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Sherlock Holmes and the Case of Dr. Who

An annotated guide to All-Consuming Fire

By Jamas Enright

Having recently read all of Arthur Conan Doyle's Sherlock Holmes books, I went back to Andy Lane's 1994 Doctor Who New Adventures novel All-Consuming Fire and noted the connections between the two. The result is this annotated guide to the Sherlock Holmes references in All-Consuming Fire.

I've also noted several Doctor Who references, but I haven't covered the Cthulhu connections, as this was done by Nicholas Withers in TSV 42.

Each annotation begins with a page number from All-Consuming Fire, hereafter abbreviated to ACF. For the Sherlock Holmes stories, I have dropped "The Adventure of" from the title to save space and repetition. Where I've put 'no known reference', that means it was really obscure, or, more likely, Andy Lane made it up. For each reference, I've included its origin.

The Case of the All-Consuming Fire

vi: Gillette's Sherlock Holmes play. American actor William Gillette played Sherlock Holmes in Sherlock Holmes to great success. Peter Haining, in the introduction to The Final Adventures of Sherlock Holmes suggests Gillette may have amended the play, which the telegram here would bear out.

Chapter 1

The Date

Both Dr. Watson (p5) and Benny (p153) give the year as 1887, and yet there are references that give rise to inconsistencies. On page 14, the Pope refers to The Affair of the Politician, The Lighthouse and the Trained Cormorant as having been published, yet Watson, when chronicling The Veiled Lodger, which takes places in 1894, says he has not published it yet. (The Veiled Lodger)

This book is supposed to be after The Talons of Weng-Chiang, yet that story is after the Ripper murders, which took place in 1888. (A History of the Universe)

If the Baron Maupertuis in ACF is the same as the one in The Reigate Squires, then he was captured in the spring of 1887, while ACF happens in the summer. There is no sign that Holmes knows him, so this could be a different Baron, but that's unlikely. (The Reigate Squires)

Holmes claims to know Bertrand Russell (p86), yet Russell didn't do any work on the subject of axiomitising mathematics until 1898.

What does this all mean? There are a few possible explanations.

(a) Events in the Doctor Who universe do not match the dates in our universe.

(b) Watson lied or forgot, although he usually states when he is hiding something, which isn't done here. (The Three Students, The Second Stain)

(c) Andy Lane just threw in as many references as possible, and damn the dates!

I vote for (c) myself, using (a) as an excuse for continuity.

5, etc: The chapter title 'In which Holmes and Watson return from holiday and an illustrious client commissions their services'. This title is not typical of Sherlock Holmes stories, but is in the tradition of Leslie Charteris's The Saint novels, of which Andy Lane is also a fan. (It is also similar to the by-lines used in episodes of The Avengers, but I prefer the Charteris link.)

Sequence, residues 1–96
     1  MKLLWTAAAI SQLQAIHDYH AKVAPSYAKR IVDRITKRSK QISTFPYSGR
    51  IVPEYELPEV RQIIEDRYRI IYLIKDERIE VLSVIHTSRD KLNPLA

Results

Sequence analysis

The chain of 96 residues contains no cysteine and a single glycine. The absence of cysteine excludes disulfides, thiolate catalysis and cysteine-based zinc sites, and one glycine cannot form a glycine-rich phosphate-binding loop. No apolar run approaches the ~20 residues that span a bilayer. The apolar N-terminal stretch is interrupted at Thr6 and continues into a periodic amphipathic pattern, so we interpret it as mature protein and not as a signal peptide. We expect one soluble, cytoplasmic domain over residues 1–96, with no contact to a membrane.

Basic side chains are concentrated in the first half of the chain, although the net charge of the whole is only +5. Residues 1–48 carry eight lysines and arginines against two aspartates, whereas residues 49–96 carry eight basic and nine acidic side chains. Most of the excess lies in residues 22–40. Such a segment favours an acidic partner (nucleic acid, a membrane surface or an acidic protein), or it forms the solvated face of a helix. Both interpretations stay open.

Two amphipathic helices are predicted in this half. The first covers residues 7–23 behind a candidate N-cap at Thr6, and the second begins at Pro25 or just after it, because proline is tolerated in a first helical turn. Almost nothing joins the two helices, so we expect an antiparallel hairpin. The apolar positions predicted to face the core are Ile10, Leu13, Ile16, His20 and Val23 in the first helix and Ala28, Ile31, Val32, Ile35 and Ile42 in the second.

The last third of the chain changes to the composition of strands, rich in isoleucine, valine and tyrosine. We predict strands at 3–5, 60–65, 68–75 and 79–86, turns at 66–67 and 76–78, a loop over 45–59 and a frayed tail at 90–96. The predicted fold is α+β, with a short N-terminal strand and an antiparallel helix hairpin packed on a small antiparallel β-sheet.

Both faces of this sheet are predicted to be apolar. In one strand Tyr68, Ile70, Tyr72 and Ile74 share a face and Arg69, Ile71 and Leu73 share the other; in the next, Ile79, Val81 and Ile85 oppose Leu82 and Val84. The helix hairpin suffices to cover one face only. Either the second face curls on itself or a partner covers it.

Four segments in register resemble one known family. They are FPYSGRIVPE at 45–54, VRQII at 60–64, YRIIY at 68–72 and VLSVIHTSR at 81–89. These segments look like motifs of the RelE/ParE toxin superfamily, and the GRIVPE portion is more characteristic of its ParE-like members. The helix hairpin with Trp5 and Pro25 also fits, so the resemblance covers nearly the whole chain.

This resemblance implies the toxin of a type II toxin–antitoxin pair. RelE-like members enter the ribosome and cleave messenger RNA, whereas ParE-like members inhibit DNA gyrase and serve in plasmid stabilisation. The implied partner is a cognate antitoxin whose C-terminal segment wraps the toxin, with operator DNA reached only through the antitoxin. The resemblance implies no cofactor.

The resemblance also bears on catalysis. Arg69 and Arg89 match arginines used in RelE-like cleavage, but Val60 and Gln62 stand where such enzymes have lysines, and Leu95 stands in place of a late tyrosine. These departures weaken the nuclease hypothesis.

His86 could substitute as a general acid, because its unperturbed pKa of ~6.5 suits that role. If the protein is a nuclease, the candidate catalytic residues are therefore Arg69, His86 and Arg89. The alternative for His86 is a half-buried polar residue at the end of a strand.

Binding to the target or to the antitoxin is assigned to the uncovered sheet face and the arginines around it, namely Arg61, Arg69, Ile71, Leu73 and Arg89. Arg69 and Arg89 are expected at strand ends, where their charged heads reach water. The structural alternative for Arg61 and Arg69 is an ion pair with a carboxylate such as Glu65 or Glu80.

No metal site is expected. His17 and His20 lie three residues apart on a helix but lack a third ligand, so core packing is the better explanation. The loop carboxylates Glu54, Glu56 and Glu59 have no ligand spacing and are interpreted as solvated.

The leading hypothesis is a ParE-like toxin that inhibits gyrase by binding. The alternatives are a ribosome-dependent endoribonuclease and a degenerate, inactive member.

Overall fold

5: 'the repulsive story of the red leech and the tale of the terrible death of Crosby the banker.' Although Watson gives the year of that adventure as 1884, it was actually handled in 1894. (The Golden Pince-nez)

5: 'the singular affair of the aluminium crutch' is given as happening in 1886, but Holmes handled the case before he ever met Watson. (The Musgrave Ritual)

5: 'my marriage to Constance Adams.' Watson's marriages are a tricky matter, but it appears that he was married three times (it's related to the large problem of dating the adventures). However the only name we know is of the second wife, Mary Morstan. Constance Adams would therefore be the first. (The Encyclopaedia Sherlockiana, Holmes and Watson, My Dear Holmes) (See Reference Material)

5: 'I had turned my hand to writing an account of my meeting with Holmes for private publication' which was printed as A Study in Scarlet.

6: 'for he had recently been remunerated by Lord Rotherfield'. No known reference.

6, etc: The Library of St John the Beheaded. No known reference in Sherlock Holmes stories, but used in later New and Missing Adventures (e.g. Millennial Rites)

6: 'Holmes and I were in the habit of taking dinner with Colonel Warbuton and his charming wife Gloria.' Watson introduced Holmes to the case of Colonel Warburton's madness, which, if this is the same Colonel Warburton, must have happened before ACF. (The Engineer's Thumb) (The case of Colonel Warbuton's madness was written as a novella in The Exploits of Sherlock Holmes, with other cases with only fleeting references, by Adrian Conan Doyle (Sir Arthur's younger son) and John Dickson Carr, in a story called The Adventure of the Sealed Room, largely written by Adrian Conan Doyle. However, as the novella revolves around Colonel Warbuton's death, and Holmes and Watson do not know him, this novella has no relation to ACF.)

7: 'Holmes was now waxing lyrical about violins'. Holmes has a Stradivarius, and has commented to Watson before about the difference between a Stradivarius and an Amati. (A Study in Scarlet)